Skip to content

Posts tagged ‘Writing’

The house of Robert Graves

They say that once in a while you will read a book that changes your life. A story of DH Lawrence’s obsession with the inspirational light of the Mediterranean read while I soaked up the sun on the Amalfi Coast last summer came very close (Lady Chatterley’s Villa by Richard Owen). After all, I surely followed his mantra in moving to the Mediterranean. But more powerful still was The White Goddess: An Encounter by Simon Gough.

Telling the real life story of his time with great uncle Robert Graves on the island of Mallorca, it was a story which more than inspired me to move to the Balearic paradise in which I now find myself; it injected my very heart with a passion for the island which formed the genesis of the life I now live; it transported me to a golden era in a utopian island and made me deeply conscious of the life and work of Robert Graves, the English writer and poet who probably did more for Mallorca than any other Englishman before or since when he moved to Deia in the 40s.

The house of Robert Graves

DSC00979 DSC01026 DSC01036 DSC01028 DSC01013 DSC01020 DSC01015 DSC01031 DSC01039 DSC01040 DSC01030 DSC01038

A few weeks ago, I had the opportunity to visit the house of Robert Graves and his family just outside my beloved Tramuntana village of Deia. Replicating exactly how the house would have been in Robert’s day as brought to life again with the help of his son, William Graves, my visit to the house had the power to bring the book I had so admired fully to life. From the glasses laid nonchalantly on the poet’s desk, to the garlic hung anticipating a feast in the little sun-drenched kitchen, the house was every inch the familial idyll I head read about.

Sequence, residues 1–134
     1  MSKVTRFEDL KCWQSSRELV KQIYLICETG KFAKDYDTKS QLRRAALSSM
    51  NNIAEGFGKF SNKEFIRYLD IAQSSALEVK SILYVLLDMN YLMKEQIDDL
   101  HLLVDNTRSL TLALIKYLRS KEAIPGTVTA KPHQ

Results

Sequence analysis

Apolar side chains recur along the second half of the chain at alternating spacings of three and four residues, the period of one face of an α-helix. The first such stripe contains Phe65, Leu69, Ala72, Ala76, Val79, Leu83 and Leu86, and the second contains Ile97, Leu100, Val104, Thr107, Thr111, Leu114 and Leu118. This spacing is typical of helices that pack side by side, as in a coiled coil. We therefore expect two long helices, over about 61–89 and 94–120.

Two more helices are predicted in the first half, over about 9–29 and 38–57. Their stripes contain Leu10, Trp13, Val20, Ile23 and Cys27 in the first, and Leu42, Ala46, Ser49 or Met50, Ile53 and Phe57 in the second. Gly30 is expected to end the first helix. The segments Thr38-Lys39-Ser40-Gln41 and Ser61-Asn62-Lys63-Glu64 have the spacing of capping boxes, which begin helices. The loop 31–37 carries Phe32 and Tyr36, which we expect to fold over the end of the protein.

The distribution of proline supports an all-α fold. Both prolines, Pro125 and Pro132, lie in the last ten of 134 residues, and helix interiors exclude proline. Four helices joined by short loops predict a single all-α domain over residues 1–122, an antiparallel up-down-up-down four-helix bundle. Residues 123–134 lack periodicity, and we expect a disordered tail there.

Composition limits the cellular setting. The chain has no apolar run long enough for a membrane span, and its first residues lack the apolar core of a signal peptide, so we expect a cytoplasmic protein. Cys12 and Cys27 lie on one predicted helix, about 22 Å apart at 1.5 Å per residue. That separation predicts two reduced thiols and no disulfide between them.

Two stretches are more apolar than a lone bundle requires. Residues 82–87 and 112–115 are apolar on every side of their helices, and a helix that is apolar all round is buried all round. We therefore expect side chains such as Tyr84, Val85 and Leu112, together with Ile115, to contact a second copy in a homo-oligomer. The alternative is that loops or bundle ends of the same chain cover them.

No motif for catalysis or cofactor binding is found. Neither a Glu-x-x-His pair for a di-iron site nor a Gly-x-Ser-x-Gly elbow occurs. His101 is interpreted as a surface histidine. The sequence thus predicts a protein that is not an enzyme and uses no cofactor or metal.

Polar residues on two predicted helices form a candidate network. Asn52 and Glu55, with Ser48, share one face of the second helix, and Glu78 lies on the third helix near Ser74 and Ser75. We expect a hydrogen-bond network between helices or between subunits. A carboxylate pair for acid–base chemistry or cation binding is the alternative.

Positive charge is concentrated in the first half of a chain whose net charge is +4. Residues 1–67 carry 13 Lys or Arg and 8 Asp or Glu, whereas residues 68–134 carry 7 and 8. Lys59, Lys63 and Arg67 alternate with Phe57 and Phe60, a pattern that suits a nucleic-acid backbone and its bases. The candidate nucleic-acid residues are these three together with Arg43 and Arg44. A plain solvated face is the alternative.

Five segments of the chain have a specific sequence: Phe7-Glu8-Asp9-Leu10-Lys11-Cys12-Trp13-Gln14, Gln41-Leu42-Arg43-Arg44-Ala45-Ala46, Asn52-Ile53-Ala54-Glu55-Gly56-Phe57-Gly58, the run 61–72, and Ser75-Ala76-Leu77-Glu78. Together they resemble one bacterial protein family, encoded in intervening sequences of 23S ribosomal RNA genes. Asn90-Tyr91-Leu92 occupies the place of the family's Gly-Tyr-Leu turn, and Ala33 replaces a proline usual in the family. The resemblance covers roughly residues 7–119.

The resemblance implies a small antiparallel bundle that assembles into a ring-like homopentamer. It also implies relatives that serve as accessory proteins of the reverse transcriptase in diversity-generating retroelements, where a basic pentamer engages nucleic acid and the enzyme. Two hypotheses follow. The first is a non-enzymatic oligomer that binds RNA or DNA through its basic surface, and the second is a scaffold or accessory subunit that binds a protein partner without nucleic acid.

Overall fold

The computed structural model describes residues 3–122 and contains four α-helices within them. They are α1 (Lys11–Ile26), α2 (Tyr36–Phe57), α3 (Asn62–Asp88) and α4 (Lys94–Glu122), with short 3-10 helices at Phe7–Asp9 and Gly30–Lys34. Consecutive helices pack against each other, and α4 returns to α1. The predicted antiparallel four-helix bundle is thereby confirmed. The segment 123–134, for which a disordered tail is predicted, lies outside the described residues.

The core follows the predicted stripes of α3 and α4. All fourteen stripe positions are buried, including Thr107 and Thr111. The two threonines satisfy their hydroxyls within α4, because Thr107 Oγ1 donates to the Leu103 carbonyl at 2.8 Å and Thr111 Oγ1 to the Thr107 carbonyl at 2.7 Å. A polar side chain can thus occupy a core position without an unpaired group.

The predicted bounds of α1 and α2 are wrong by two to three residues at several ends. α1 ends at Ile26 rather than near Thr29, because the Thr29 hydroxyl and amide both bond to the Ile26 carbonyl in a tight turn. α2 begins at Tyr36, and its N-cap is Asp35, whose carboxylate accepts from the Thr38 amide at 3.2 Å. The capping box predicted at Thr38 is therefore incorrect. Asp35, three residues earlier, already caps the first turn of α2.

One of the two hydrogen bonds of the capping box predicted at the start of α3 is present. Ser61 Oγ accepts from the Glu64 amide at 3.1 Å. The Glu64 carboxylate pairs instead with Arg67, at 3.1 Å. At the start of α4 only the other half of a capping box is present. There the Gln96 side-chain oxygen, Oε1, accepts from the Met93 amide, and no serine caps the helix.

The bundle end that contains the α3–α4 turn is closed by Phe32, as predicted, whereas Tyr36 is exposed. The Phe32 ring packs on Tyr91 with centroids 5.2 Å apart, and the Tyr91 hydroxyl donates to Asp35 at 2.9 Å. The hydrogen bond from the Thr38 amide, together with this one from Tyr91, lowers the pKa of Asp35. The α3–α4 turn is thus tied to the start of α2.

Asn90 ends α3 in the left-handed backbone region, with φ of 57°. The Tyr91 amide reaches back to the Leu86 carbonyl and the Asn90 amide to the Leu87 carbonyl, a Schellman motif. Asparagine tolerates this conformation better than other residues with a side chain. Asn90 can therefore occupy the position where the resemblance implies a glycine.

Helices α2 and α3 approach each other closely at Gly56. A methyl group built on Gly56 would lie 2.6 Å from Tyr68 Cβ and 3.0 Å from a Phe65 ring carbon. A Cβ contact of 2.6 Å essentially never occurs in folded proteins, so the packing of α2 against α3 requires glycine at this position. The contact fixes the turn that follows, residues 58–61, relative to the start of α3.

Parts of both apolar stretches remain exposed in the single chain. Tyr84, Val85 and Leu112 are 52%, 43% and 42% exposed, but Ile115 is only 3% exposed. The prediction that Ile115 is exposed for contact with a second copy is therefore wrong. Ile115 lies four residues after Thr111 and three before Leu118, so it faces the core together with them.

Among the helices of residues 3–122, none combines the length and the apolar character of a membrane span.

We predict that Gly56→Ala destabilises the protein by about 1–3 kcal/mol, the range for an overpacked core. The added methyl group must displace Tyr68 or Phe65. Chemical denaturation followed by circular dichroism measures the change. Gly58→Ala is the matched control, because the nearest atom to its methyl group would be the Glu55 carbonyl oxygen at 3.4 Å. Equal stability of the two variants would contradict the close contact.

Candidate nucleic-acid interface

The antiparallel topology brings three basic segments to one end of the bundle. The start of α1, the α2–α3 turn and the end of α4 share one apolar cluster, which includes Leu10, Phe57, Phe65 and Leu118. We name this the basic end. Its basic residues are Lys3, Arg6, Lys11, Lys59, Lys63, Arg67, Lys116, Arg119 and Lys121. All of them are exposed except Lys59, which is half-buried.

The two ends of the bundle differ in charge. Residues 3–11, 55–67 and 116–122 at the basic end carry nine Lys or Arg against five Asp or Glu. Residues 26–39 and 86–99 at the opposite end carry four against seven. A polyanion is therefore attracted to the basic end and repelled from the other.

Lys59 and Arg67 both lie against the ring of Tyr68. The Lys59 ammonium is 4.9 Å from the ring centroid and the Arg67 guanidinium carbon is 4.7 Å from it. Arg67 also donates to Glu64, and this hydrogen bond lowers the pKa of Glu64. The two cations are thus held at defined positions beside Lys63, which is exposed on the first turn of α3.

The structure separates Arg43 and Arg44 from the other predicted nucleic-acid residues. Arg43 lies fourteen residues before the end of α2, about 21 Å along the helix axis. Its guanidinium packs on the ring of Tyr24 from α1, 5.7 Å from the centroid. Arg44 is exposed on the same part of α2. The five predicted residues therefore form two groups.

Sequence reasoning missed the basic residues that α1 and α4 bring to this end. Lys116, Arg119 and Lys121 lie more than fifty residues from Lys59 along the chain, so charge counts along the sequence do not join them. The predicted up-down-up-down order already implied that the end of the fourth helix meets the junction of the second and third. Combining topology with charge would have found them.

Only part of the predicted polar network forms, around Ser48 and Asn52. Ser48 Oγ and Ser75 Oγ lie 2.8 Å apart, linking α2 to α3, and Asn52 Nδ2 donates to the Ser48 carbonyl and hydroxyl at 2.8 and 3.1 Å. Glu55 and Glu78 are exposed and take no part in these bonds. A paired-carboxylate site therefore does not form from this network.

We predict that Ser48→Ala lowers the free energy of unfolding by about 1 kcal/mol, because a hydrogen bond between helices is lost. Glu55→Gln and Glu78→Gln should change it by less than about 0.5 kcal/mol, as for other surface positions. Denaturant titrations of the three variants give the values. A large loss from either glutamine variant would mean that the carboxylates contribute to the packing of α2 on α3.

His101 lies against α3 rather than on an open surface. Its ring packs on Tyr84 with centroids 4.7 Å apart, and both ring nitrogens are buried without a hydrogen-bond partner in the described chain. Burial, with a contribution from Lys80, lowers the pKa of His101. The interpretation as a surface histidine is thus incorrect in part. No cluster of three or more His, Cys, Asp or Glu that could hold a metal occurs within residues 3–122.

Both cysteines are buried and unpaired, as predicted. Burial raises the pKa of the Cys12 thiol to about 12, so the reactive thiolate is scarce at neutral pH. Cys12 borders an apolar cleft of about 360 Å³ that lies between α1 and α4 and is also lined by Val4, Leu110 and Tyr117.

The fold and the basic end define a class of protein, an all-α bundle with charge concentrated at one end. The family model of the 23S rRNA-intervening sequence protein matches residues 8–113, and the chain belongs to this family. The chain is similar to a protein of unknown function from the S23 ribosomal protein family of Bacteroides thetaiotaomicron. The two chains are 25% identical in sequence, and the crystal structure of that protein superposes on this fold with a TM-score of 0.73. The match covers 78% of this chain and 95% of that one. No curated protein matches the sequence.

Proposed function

…and the gardens he so loved

DSC01010 DSC01043 DSC01004 DSC00987 DSC00989 DSC01003

Only the now busier road alongside the house had the power to transport me back to reality. For no more does the family donkey pass sleepily along its dusty path. But that brief interruption asides, with its garden still abundant and the stunning coastal views ever present, Robert Graves house at Deia remains every inch the paradise which drew him to remain on the island and in his house for the remaining decades of his life, and which inspired him to write his life’s best work. I can only hope that Mallorca will continue to inspire me to my greatest work. In the meantime I plan to reopen the pages of Simon Gough’s stunning novel, to relive the idyll which brought me to Mallorca. 

All photos and written content are strictly the copyright of Nicholas de Lacy-Brown © 2015 and The Daily Norm. All rights are reserved. Unauthorized use and/or duplication of the material, whether written work, photography or artwork, included within The Daily Norm without express and written permission from The Daily Norm’s author and/or owner is strictly prohibited.

Autobiographical Mobile: My painting diary – Day 16 and a half: The Caravan

Very occasionally, when I get home after work early enough, and when I am not totally exhausted from the daily grind of London living, I may take out my paintbrushes and indulge in a little evening painting. I find it difficult to dip in and out of my art work like this, not least because it always takes me a while to get back into the swing of painting after a break of even a few hours, but equally, taking the time out in a busy week for a little creativity can only be a good thing.